Steller Sea Lions | Watch Marine Mammals at Fort Ross
First described in 1751, the Steller Sea Lion is named for naturalist George Wilhelm Steller, a German naturalist serving on a Russian expedition. The largest member of eared seal family, and adult male Steller Sea Lion reaches 9-12 feet in length and weighs up to 2,500 pounds. Their size, along with a large, muscular neck and thick mane, differentiate the males from females, who are generally two to three times smaller than the male Steller Sea Lion. These sea lions have a uniformly blond or reddish coat that holds its color when wet and lightens with age. Molting of the fur takes place annually – in spring or summer for females and in later months for males.
Steller Sea Lions at Fort Ross, by Joe Mortenson
Steller Sea Lions typically range from Southern California to Japan, with the Aleutian Islands as the main breeding center. Breeding season, the peak abundance for these sea lions on shore, occurs from the middle of June into early July. During this time, males fast to keep in defense of semiaquatic territories up to 20 feet in diameter and guard up to 30 females. Although males become sexually mature between ages 3-8, they rarely are large enough to defend territories before the age of nine or ten. While the nursing of the pups usually lasts 32-44 weeks, females have been known to arrive for breeding with the previous year’s pup, nursing the newborn and older at the same time.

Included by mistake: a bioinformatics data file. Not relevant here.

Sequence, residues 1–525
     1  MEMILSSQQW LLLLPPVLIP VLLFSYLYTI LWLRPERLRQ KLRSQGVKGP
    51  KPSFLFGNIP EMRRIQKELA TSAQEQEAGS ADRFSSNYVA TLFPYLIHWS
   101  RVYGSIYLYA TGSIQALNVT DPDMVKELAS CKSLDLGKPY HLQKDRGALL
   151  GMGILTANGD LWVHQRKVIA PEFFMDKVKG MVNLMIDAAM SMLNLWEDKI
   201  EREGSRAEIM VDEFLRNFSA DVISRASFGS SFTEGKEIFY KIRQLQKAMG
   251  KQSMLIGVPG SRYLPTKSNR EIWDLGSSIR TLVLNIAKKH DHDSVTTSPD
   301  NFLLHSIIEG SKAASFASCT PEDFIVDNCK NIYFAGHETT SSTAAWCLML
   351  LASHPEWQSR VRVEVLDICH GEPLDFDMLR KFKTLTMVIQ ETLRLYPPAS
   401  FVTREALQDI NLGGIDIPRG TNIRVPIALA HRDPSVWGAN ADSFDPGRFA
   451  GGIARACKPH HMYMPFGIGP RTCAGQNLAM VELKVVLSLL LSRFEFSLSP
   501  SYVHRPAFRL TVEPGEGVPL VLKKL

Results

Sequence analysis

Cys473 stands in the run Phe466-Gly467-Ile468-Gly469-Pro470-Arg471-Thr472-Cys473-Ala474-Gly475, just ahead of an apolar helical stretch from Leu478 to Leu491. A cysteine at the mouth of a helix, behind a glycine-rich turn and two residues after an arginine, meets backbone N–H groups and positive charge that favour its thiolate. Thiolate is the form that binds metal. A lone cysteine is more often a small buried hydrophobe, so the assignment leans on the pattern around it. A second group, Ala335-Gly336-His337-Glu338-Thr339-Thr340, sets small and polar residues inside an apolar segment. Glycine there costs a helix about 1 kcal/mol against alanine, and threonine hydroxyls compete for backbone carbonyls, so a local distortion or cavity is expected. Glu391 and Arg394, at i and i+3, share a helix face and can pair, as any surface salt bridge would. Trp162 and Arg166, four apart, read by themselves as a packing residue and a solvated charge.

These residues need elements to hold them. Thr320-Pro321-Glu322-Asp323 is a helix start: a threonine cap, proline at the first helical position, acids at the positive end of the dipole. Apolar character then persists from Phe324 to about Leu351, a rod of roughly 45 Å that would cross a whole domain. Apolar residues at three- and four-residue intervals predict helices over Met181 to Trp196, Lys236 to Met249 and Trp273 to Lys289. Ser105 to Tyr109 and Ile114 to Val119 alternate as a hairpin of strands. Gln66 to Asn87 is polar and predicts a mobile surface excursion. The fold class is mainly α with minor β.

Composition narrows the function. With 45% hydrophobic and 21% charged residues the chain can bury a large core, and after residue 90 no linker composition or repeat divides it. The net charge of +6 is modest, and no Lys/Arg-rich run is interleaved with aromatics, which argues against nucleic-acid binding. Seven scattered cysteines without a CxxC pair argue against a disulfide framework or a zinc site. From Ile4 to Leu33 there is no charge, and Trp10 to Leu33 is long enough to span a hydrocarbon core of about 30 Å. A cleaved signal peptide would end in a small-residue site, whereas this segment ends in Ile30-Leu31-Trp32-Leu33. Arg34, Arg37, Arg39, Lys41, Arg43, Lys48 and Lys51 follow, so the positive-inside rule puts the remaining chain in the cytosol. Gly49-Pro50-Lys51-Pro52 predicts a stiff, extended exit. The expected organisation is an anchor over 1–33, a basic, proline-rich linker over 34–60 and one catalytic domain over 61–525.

Feeding and Behavior
Steller Sea Lions generally stay between the coast and the continental shelf but have been seen as far as 300 miles from shore. While their main diet consists of many fish and squid, they also eat crustaceans and mammals like harbor seals and sea otters. Steller Sea Lions are generally considered non-migratory, though they have been known to travel long distances to find prey; males often hunt alone, whereas females and young form small foraging groups.
Population Threats and Conservation
Entering the endangered species list, the Steller Sea Lion population has declined steadily since the 1940’s, with a decline as large as 50%. These sea lions have been hunted for food, hides, blubber, fur, and more recently to reduce competition with fisheries. Although protective zones of 20 mile buffers around haul out sites have been designated for their critical habitat, the population is thought to be still declining, possibly due to overfishing. Other threats to the species include pollutants, interaction with fishing gear, and the continuation of hunting despite illegality.
Allen, Sarah G., Joseph Mortenson, and Sophie Webb. “Steller Sea Lion.” Field Guide to Marine Mammals of the Pacific Coast: Baja, California, Oregon, Washington, British Columbia. Berkeley: University of California, 2011. 392-403. Print.
“Steller Sea Lion (Eumetopias Jubatas).” NOAA Fisheries Office of Protected Resources. N.p., 11 June 2013. Web. 07 Oct. 2013.